Can you be charged with possession of a narcotic drug even if it’s not on you?
In Indiana, if you posses something, it either means you own it or you exert control over it. There are two types of possession—actual and constructive. Actual possession is where you knowingly have direct physical control of something. For example, if you have a bag of marijuana in your hand or in one of your pockets, this would be actual possession. Prosecutors love cases like these.
Constructive possession is more complex. If you don’t have actual possession of something, the State can still argue that you constructively possessed it. If you knowingly have both the capability and the intent to exercise control over something at a given time, it can be said that you’re in constructive possession of it.
This is a two-step test; neither capability without intent nor intent without capability is enough. In other words, if it would’ve been possible for you to exercise control over something, but you never had any intention of doing so, that wouldn’t be constructive possession. Likewise, if you intended to exercise control over something, but had no possible way of doing so, that wouldn’t be constructive possession either. Constructively possessing something requires both: 1) that you’re capable of exercising control over the thing in question; and 2) that it was your intent to exercise control over the thing in question.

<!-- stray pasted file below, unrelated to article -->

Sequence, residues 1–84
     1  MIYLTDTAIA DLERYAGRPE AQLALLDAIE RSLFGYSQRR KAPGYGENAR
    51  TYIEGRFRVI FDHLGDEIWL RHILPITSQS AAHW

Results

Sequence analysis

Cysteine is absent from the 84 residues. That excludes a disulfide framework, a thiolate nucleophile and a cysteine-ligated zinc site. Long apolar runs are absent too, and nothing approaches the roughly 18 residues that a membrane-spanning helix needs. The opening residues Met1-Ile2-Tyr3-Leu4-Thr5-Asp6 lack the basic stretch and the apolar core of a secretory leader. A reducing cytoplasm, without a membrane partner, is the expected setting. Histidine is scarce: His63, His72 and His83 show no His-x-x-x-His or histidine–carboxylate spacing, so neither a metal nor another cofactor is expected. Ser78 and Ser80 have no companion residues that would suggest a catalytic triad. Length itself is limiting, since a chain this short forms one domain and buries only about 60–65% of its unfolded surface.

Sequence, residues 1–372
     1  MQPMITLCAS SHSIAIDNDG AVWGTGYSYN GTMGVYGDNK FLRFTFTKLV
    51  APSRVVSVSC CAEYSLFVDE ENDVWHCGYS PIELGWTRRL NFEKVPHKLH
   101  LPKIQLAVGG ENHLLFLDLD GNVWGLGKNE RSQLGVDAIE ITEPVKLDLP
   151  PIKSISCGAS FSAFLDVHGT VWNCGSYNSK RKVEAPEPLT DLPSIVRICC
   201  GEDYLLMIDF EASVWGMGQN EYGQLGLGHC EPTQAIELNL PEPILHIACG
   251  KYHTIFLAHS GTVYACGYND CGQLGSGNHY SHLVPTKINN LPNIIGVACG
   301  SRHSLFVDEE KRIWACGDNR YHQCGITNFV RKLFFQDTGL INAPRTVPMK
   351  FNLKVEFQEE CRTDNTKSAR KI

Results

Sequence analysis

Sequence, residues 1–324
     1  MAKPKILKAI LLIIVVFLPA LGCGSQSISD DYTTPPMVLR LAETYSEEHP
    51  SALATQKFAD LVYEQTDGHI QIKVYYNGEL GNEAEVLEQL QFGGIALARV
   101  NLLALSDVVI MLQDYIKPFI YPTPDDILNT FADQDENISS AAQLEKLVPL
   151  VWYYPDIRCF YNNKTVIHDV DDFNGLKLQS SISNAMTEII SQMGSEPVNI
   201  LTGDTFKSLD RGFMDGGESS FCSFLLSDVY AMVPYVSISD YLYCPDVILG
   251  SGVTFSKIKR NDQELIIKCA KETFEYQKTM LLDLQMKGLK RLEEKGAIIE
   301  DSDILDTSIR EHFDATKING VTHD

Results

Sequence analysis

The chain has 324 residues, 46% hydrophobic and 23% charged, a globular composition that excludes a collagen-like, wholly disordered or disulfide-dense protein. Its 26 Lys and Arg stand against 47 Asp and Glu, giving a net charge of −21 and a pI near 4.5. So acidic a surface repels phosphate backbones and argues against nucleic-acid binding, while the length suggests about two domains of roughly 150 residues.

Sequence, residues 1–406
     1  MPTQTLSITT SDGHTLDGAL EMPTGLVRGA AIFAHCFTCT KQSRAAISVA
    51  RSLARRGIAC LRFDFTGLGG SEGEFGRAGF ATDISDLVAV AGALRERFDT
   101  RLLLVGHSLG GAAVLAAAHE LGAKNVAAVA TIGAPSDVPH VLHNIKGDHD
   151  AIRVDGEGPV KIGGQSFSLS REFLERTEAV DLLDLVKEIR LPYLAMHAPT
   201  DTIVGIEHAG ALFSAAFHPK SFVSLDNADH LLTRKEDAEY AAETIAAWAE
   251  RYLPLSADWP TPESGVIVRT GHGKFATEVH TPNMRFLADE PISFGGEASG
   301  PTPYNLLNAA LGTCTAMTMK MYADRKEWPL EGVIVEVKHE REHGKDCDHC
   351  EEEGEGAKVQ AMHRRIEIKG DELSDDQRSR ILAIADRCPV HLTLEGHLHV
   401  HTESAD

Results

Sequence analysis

In the State of Indiana, your intent can be inferred from any of the following types of circumstantial evidence:
- Incriminating statements that you’ve made to others (always plead the Fifth!);
- Trying to flee the scene or making obviously sneaky gestures;
- Contextual clues that suggest drug manufacturing;
- The actual physical distance between yourself and the contraband;
- Whether the contraband was in plain view; and
- Whether any of the contraband has been mingled with any of your personal possessions
Depending on the quantity of contraband in question, you can be facing a serious prison sentence based solely on a theory of constructive possession. The State must prove beyond a reasonable doubt that you were in possession of contraband. It’s very important to remember that your mere presence at the scene of a crime does not establish possession. When in doubt, plead the Fifth and exercise your right to remain silent. If you’re charged with constructive possession, you need to hire an experienced criminal defense attorney who’s familiar with the nuances of how possession cases are prosecuted.
If you or a loved one is facing criminal charges, you owe it to yourself to consult with the Marc Lopez Law Firm. Call us at 317 632 3642 to discuss your case.